The foundation of health begins with the core of the body. While many believe that the core of our body is our abdominal muscles, this is an inaccurate assumption. Our body’s core includes an integrated system of muscles, including our abdominals, hamstrings and lower back muscles. We must train all aspects of the body’s core to adequately prepare it for athletics.
This article, written by Brett Kilka, who I have had the pleasure of taking classes from, offers great advise and ideas to keep core training for youth athletes entertaining, effective, and relevant: The Best Exercises for Youth Athletes.
Additional strength training can focus on developing joint strength, through dynamic plyometric training, resistance band training, and weight training. It is also important to make sure the muscles that are depended upon in season performance are stretched and strengthened to improve productivity in the upcoming season.
In correlation with core training, integrate functional movement patterns into their workouts. These include exercises that require movement that resembles athletic performance, such as turning, twisting, bending, squatting, jumping, and landing. Working these activities into the training programs during the off season will build a solid foundation on which performance skills can be built during the season.
While baseball typically involves short bursts of high intensity energy, off season training for complete cardiovascular system health should also occur.
There are two different types of muscle fibers in our bodies: slow twitch and fast twitch. Fast twitch muscle fibers are predominately used in short burst, high intensity movement; These are considered anaerobic (“without oxygen”). On the other hand, slow twitch muscle fibers are the efficient ones, using energy wisely for a longer period of time. They are considered aerobic, using oxygen to generate energy.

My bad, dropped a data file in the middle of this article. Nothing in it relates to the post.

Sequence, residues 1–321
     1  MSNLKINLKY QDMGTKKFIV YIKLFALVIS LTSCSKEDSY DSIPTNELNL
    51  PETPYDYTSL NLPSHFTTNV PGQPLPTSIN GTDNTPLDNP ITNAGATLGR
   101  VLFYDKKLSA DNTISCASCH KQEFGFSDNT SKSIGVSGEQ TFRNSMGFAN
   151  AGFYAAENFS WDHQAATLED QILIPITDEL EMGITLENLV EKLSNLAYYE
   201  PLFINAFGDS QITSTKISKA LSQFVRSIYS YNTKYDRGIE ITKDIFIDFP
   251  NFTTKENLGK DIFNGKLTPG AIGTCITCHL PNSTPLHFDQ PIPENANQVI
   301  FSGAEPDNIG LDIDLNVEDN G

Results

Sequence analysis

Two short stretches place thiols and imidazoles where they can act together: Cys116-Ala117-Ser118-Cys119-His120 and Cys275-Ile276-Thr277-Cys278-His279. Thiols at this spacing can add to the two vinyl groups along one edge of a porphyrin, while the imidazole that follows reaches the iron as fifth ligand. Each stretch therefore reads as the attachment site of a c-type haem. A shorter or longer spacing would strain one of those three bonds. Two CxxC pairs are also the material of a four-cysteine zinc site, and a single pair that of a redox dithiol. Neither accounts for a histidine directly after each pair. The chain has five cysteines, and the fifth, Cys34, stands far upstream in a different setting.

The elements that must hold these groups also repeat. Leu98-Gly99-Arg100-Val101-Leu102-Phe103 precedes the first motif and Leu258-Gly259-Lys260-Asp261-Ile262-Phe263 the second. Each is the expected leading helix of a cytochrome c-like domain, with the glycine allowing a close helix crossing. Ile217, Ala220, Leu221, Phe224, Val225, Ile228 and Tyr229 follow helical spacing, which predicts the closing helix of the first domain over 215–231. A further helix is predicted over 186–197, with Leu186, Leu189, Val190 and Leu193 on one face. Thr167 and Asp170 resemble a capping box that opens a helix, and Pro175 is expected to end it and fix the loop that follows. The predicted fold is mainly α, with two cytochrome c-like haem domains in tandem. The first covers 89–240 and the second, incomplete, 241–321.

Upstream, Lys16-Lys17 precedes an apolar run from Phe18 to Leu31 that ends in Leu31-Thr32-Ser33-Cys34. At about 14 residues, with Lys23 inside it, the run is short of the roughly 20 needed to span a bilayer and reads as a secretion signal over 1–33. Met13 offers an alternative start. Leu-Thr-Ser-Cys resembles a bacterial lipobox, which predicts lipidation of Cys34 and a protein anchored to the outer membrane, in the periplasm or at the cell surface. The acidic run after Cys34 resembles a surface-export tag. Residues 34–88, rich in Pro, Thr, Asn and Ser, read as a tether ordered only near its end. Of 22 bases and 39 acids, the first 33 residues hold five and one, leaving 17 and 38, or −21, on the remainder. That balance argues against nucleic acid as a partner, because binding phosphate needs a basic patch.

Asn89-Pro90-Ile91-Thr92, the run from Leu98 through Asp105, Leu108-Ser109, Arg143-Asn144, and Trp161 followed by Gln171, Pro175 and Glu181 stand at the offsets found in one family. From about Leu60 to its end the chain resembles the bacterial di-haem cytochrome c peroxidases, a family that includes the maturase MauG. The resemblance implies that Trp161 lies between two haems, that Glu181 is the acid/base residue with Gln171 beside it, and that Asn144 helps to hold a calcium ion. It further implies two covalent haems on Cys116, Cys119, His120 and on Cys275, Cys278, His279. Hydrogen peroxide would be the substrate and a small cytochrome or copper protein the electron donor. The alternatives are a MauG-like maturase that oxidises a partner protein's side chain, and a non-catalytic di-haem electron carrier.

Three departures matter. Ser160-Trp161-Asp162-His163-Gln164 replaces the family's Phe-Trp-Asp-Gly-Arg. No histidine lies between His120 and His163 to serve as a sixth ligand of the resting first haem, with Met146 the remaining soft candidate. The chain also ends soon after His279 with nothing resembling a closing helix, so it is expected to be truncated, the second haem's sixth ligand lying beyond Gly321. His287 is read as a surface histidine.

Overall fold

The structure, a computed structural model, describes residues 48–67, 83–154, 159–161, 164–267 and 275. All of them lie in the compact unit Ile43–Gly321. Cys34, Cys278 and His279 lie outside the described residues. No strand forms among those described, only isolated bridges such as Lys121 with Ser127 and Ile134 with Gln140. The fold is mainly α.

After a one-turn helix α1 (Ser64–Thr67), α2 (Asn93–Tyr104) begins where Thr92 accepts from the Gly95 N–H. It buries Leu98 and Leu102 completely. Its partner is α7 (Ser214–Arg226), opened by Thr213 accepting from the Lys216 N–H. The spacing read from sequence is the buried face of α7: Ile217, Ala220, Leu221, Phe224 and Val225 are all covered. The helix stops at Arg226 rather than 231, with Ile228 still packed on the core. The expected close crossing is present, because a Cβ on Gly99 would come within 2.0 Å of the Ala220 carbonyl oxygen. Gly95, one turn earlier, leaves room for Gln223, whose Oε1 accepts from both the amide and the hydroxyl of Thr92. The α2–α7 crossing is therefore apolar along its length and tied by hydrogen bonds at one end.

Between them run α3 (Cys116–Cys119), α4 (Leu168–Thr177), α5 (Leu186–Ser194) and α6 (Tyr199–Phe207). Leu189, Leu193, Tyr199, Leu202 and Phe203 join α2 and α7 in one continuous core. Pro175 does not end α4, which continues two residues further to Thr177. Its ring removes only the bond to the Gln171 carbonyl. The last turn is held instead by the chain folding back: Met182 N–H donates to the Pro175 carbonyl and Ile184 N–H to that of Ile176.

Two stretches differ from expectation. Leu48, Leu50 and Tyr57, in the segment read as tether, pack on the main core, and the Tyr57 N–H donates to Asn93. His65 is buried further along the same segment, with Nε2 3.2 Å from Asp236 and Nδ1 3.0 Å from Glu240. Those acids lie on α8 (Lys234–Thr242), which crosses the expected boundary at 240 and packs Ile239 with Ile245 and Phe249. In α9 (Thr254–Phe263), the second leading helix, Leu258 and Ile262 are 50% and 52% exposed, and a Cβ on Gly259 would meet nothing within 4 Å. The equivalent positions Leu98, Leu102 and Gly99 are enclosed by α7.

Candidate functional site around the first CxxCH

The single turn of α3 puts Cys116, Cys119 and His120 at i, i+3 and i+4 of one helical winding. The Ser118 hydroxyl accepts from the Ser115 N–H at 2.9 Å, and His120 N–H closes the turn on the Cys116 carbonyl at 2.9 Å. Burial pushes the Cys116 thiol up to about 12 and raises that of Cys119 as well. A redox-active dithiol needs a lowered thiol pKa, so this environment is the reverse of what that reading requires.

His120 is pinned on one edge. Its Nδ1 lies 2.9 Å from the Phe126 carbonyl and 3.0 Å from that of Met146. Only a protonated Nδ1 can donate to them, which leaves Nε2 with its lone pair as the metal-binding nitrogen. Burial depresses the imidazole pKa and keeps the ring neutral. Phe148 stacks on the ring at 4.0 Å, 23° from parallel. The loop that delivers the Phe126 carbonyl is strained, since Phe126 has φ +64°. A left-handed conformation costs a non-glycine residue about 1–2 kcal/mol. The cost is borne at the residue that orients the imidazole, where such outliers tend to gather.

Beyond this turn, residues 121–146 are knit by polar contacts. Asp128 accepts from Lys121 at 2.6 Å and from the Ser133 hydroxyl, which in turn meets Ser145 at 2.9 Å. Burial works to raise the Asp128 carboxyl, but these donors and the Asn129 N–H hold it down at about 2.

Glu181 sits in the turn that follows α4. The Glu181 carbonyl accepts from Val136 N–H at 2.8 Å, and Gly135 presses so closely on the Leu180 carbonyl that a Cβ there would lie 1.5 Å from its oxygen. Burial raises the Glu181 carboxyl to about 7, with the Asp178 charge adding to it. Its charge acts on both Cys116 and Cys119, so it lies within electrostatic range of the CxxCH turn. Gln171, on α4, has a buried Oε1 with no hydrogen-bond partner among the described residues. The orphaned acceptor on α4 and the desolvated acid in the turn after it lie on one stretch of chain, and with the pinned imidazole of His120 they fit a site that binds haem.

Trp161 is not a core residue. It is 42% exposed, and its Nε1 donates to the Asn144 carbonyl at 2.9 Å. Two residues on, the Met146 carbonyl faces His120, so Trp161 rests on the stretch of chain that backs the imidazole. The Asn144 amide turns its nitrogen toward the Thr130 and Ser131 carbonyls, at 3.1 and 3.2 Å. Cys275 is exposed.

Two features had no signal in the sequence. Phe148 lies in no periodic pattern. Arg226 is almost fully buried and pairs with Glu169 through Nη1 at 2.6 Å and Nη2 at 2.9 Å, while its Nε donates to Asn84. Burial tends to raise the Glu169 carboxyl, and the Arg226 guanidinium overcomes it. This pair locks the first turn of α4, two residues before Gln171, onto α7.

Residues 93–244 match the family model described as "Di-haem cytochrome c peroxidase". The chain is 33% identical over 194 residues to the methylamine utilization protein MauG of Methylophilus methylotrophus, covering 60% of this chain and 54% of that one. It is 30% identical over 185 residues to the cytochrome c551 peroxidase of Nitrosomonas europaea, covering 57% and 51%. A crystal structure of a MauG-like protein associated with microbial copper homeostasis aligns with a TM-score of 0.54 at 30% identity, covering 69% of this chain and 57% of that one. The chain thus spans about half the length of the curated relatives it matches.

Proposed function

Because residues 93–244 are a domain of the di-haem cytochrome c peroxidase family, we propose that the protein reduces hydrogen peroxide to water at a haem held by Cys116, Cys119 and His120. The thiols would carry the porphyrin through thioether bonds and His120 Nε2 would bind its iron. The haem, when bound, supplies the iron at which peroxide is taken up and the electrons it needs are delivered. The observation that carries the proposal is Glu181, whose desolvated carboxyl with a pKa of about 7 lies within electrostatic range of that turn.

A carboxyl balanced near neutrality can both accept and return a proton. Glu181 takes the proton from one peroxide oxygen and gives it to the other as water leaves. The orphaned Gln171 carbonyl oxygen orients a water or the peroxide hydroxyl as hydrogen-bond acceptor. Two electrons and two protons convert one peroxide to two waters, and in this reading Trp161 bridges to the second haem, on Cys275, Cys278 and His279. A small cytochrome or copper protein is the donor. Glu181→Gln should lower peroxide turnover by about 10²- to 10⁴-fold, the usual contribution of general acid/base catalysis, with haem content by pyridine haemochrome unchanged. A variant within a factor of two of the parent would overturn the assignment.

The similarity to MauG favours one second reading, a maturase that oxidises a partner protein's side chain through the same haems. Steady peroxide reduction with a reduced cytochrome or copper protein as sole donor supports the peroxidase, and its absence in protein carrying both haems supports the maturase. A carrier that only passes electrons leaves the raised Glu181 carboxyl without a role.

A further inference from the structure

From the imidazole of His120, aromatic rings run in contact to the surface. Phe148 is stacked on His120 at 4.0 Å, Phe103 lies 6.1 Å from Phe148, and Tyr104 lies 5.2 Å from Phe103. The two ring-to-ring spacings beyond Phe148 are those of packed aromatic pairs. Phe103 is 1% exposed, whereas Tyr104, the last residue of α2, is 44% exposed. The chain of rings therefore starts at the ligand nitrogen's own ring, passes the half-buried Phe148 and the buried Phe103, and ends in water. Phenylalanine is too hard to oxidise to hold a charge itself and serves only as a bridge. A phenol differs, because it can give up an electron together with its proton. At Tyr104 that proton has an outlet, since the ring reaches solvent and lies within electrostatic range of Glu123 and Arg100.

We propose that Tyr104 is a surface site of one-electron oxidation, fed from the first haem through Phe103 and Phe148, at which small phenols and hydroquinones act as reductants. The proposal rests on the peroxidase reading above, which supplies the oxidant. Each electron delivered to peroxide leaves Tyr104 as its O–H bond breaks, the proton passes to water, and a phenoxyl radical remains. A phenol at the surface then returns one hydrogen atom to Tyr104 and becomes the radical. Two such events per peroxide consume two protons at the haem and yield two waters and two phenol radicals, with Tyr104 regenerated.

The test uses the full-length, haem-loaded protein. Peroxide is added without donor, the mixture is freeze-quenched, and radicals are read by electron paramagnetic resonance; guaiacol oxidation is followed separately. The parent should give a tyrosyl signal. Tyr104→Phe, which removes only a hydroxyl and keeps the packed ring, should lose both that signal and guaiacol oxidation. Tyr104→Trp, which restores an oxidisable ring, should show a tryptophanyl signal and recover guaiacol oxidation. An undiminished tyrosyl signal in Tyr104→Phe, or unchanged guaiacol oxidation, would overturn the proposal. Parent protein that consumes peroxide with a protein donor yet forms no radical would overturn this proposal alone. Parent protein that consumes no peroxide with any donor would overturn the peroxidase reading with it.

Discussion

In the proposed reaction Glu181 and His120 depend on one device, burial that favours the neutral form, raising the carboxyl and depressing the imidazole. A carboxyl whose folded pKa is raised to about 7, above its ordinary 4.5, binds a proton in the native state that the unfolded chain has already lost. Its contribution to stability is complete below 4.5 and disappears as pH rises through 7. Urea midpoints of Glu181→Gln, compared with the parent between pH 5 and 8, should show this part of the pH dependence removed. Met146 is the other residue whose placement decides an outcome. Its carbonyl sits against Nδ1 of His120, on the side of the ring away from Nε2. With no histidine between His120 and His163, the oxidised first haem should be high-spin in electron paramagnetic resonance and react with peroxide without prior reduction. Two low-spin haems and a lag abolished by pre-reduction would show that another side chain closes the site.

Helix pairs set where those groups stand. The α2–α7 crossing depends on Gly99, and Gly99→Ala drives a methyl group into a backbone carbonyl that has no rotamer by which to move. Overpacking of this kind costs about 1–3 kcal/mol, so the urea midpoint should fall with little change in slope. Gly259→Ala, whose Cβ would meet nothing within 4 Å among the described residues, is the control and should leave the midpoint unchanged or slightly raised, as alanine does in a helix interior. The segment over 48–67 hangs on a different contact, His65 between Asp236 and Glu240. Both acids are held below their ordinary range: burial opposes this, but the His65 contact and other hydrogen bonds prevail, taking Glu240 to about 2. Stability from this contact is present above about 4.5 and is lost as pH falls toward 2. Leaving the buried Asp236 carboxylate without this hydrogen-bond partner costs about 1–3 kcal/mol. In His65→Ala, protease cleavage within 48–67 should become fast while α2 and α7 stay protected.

While training our athletes for anaerobic burst of energy are beneficial due to the nature of the sport, increased cardiovascular training through aerobic (slow twitch) exercising will promote the quicker recovery for both energy systems when expended during competition. Build a jogging, basketball, or soccer program into your athlete’s off season.
Train the Brain
Use the off season to retrain the brain on the technical skills to improve their fundamentals, including proper mechanics. Dissecting the game into smaller, more specific, technical skills to work on will allow your athletes to improve on individual areas that need improvement without having the situational pressures of game time and in season performance.
Take time to work on skills in non-game situation scenarios, such as in a batting cage, gymnasium, or even a bedroom at home.
These off season training opportunities should be slower, less intense, and occur less often than what would typically occur during in season training.